Belfast Telegraph

Cardinal Connell at centre of abuse cover-up dies

By Brian Hutton

A senior cleric criticised for his role in a Catholic Church cover-up of child sex abuse has died aged 90.

Cardinal Desmond Connell, the former Archbishop of Dublin, had been ill for some time. He passed away peacefully in his sleep.

Born in the city in 1926, Cardinal Connell was appointed Archbishop of Dublin and Primate of Ireland in 1988 — making him the most powerful Church figure in the Irish Republic.

A noted theologian and academic for much of his career, his appointment surprised many and some thought he was not suited to the high-ranking public role.

But three years later he was elevated again after he was appointed the first Dublin-based cardinal in 120 years by Pope John Paul II.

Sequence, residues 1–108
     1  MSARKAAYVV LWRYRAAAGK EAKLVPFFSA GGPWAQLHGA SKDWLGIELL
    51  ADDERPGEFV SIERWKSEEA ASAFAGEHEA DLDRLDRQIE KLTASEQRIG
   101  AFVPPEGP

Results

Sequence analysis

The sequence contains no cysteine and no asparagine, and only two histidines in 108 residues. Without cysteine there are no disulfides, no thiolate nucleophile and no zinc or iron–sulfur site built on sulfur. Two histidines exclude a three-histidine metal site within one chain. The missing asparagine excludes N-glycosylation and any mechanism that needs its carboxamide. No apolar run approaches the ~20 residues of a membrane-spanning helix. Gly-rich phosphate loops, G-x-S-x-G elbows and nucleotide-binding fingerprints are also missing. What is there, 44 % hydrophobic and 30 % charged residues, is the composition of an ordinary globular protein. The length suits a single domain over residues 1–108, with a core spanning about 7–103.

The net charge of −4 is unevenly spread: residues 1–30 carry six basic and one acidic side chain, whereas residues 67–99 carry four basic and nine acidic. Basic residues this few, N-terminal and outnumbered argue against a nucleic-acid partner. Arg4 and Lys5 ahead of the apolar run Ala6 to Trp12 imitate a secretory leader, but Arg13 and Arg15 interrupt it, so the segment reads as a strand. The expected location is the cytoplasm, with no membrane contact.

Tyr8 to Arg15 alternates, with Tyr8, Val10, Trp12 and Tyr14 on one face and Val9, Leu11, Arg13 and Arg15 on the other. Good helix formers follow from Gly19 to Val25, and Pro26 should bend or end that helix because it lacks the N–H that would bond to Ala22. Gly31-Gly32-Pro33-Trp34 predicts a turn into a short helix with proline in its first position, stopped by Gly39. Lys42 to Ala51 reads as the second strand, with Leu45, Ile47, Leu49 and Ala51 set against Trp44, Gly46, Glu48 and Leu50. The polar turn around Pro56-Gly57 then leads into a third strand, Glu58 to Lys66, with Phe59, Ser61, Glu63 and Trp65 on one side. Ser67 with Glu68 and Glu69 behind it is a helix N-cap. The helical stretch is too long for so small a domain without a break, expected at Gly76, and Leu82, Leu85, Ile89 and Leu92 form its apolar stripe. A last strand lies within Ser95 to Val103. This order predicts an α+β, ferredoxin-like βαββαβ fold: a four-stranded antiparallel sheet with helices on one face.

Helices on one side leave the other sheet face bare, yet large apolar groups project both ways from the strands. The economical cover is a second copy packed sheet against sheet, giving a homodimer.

He remained archbishop until 2004.

By this time he was coming under growing pressure to resign over revelations about paedophile priests operating with impunity in the archdiocese.

Although he claimed he was appalled at the scale of abuse when he took office, he appeared slow to address the issue, opting for secret internal Church tribunals to defrock abusive priests rather than potentially explosive public prosecutions.

In 2008, Cardinal Connell caused outrage and narrowly avoided a damaging public row with his successor when he mounted a High Court challenge to try to block a judge-led inquiry into Church sex abuse having access to 5,500 files on priests and abuse allegations.

Professor Moore McDowell, an economist who worked with Cardinal Connell during his time as an academic, said he was not the right person to lead the Church in the Republic.

He said: “I’m sorry he has died. He had a long life and he lived it according to his own lights.

“He was not the right person for the job but he did his best.”

John Kelly, of the Survivors of Child Abuse (Soca), said Cardinal Connell will be remembered with anger by many victims.

“He died leaving many unanswered questions and the truth hasn’t come out,” he said.

Belfast Telegraph


From Belfast Telegraph